Integrating Recorded Future With Maltego (Beta Program)
Webinar: How to use Maltego for better insight into cyber threats. Watch now.
The after-action report from Black Hat 2014 …
Paterva’s Maltego product is a great “Swiss army knife” for researching IT infrastructure – whether the context is performing recon for pen-testing, reverse engineering malware, or gathering threat intelligence. We’ve had many requests for an integration that allows analysts to directly access Recorded Future using Maltego transforms.
We previewed our beta integration at Black Hat, and got very positive feedback. Now we’re announcing the kickoff of a beta program to meet this integration need.
A few important facts:
- This beta program is limited to customers of our Recorded Future Cyber product.
- The functional focus is researching malware and APT IOC’s and infrastructure.
- Beta testers should be comfortable using and debugging Maltego local transforms written in python.
People do use Maltego for many other problem sets, not just deciphering malware infrastructure. That’s a start. We see great potential in this integration, and look forward to expanding the functional scope in future.
With that out of the way, on to the fun stuff!
To make our integration as compact as humanly possible, we are leveraging the core Maltego entities (IPv4, Domain, URL, etc.) and the malware entities defined by the Malformity project (Hash, Filename, Registry Entry, etc.). No point in reinventing the wheel!
As an analyst, the Recorded Future transforms help you enrich and put context around the threat indicators you are investigating — and enable you to move smoothly between enrichment with the Recorded Future OSINT information and enrichment with other open or confidential data sources.
The remainder of this blog post is an example walkthrough to give you a feel for this integration in its current state. This example is anti-spam, but the analogy to cyber crime or APT defense is straightforward.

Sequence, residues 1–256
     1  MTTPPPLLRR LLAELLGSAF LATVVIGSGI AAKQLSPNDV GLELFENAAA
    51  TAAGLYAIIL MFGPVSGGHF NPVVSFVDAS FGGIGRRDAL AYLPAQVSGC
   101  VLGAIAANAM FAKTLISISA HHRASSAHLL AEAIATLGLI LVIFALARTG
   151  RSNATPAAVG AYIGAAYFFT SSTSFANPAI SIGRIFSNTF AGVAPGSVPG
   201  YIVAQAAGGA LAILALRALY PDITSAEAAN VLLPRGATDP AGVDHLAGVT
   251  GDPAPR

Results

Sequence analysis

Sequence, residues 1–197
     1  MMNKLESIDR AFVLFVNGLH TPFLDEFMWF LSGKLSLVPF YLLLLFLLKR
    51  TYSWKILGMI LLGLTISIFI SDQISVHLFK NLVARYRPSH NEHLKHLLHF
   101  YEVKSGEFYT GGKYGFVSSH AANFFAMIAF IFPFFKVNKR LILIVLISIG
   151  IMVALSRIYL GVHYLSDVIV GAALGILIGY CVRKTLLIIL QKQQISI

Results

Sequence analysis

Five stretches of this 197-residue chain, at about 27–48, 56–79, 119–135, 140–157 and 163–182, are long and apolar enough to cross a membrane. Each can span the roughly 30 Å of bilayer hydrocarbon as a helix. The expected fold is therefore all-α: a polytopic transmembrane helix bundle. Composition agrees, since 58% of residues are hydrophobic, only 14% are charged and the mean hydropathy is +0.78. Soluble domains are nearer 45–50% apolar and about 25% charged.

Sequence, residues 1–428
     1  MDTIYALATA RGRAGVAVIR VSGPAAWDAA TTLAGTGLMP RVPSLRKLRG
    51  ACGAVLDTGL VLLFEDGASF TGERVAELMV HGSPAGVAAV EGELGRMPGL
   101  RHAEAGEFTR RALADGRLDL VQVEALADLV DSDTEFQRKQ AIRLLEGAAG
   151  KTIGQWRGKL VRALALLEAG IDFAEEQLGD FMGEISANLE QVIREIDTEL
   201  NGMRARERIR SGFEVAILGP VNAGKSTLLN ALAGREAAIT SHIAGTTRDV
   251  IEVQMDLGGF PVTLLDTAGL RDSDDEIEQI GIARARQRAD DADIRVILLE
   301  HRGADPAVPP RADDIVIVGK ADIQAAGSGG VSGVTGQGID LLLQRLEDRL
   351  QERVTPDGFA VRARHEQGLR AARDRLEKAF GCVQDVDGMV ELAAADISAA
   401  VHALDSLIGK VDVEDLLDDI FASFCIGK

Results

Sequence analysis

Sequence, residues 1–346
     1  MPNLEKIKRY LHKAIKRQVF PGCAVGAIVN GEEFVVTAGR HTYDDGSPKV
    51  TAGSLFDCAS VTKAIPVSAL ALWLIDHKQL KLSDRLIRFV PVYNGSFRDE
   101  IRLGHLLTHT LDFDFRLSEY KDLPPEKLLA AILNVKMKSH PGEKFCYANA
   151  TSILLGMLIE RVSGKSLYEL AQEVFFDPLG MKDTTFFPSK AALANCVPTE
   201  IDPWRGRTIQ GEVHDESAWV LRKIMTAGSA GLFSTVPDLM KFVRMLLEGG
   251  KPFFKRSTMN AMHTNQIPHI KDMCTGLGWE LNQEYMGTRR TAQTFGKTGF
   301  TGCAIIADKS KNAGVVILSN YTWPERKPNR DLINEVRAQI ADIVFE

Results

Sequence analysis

If you’re a Recorded Future Cyber customer – and a Maltego customer – and are interested in participating in this beta program, please contact us at support [at] recordedfuture [dot] com.
If you’re interested in this integration but have a different investigation use case in mind – or are just too busy to get involved in a beta program this summer – please watch our recent webinar to take a closer look.
For our example, let’s say you’re investigating an endpoint infection, apparently from a spammer email link. The starting point for your investigation is the suspicious link domain, and the downloaded file.
Let’s find out what open sources can tell you about this Domain and Filename. It turns out, an anti-spammer has already investigated this and published a great report on the Dynamoo blog.
We have a read — and find that this report lists a lot more IOCs and infrastructure related to this spammer group. Let’s pull that info into our investigation.
Dynamoo also suggests:
[blockquote]The 22.214.171.124/25 range has some questionable sites in it, and you might want to block the whole lot as a precaution. You should definitely block 126.96.36.199 though.[/blockquote]
Hmm, good point. Let’s open the aperture and look at the netblocks around these IPs. We use Maltego to get the netblocks and AS numbers 36352 and 16397.
Now we flip back to Recorded Future to ask, are there other reports of malicious activity related to these AS numbers? Survey says …
The broad stripe across the middle of our investigation graph is all the open source reports of suspicious activity from these two ASNs, and the IOCs called out in those reports. Looks like a couple of ASNs that we should block, or at a minimum put detective controls around.
In case you’re specifically interested in the data output from this example, we’ll end this example with a listing of the hashes and file names linked to these two abused AS numbers.